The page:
- When people consider domestic wine, they normally think about the state of California. The fine viticultural Region within California, including the Napa Valley, Sonoma, Santa Cruz Mountains, Mendocino and Santa Barbara, are capable of growing grapes of world-class quality. But there's plenty of fabulous wine coming from other states, too. Oregon, Washington and New York are also causing eyebrows (and glassware) to be raised around the world. Click for a list of bestselling items from the United States.


- With the explosive growth that California's wine industry has seen the past several years, it's easy to view winemaking and grape growing in the Golden State as a recent phenomenon. And while it's true that California's viticultural history is brief compared to several European countries, this state's roots date back well over 200 years. Due to the enormous response to California wine within the United States and worldwide, there are thousands of excellent and diverse wines being produced within the state each year. For our entire selection of California wines, please visit this link.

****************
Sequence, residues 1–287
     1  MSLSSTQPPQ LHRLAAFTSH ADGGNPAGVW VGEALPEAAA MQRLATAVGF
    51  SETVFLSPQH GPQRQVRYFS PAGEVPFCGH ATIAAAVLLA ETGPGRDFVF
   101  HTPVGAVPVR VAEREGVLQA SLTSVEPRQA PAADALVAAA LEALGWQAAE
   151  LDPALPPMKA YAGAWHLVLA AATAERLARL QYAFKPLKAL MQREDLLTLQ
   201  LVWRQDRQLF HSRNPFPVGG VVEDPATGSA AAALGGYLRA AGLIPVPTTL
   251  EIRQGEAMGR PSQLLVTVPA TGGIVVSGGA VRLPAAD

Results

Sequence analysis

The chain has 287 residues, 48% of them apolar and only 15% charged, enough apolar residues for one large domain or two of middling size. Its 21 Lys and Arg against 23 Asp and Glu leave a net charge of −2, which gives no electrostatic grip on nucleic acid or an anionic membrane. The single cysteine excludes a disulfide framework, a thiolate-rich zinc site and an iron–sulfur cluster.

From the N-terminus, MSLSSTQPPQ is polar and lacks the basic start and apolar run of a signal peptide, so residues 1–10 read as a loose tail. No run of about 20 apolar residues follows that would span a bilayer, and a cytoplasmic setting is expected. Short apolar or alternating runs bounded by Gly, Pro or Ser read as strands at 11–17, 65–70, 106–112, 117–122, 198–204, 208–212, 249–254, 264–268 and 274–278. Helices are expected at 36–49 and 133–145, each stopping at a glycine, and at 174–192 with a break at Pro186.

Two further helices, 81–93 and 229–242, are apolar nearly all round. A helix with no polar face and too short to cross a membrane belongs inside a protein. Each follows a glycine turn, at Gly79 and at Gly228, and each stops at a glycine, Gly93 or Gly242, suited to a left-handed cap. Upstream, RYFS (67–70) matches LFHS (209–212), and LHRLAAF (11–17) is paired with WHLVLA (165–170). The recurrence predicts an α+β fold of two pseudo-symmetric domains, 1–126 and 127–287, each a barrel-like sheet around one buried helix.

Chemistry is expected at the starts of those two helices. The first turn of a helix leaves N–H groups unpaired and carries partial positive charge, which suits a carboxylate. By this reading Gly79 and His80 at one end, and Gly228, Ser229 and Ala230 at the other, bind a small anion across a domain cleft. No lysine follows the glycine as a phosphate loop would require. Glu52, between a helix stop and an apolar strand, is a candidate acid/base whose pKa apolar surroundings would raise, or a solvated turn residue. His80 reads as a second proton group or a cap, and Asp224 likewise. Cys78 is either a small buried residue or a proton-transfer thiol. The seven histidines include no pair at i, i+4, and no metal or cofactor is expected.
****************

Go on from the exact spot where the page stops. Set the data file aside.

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Napa Valley

- America's most famous wine region, which encompasses a varied geographical territory running about 20 miles long from the San Francisco Bay northward to the foot of Mount St. Helena. Napa's great diversity, both in terms of climate and terroir, has led to the creation of a number of smaller AVAs like Stags Leap District, Rutherford, Howell Mountain, Oakville and Mount Veeder, among others. Cabernet and chardonnay still reign supreme, but just about everything under the sun is grown in Napa Valley, in quality levels ranging from $2 jug wine to $500 a bottle California cab.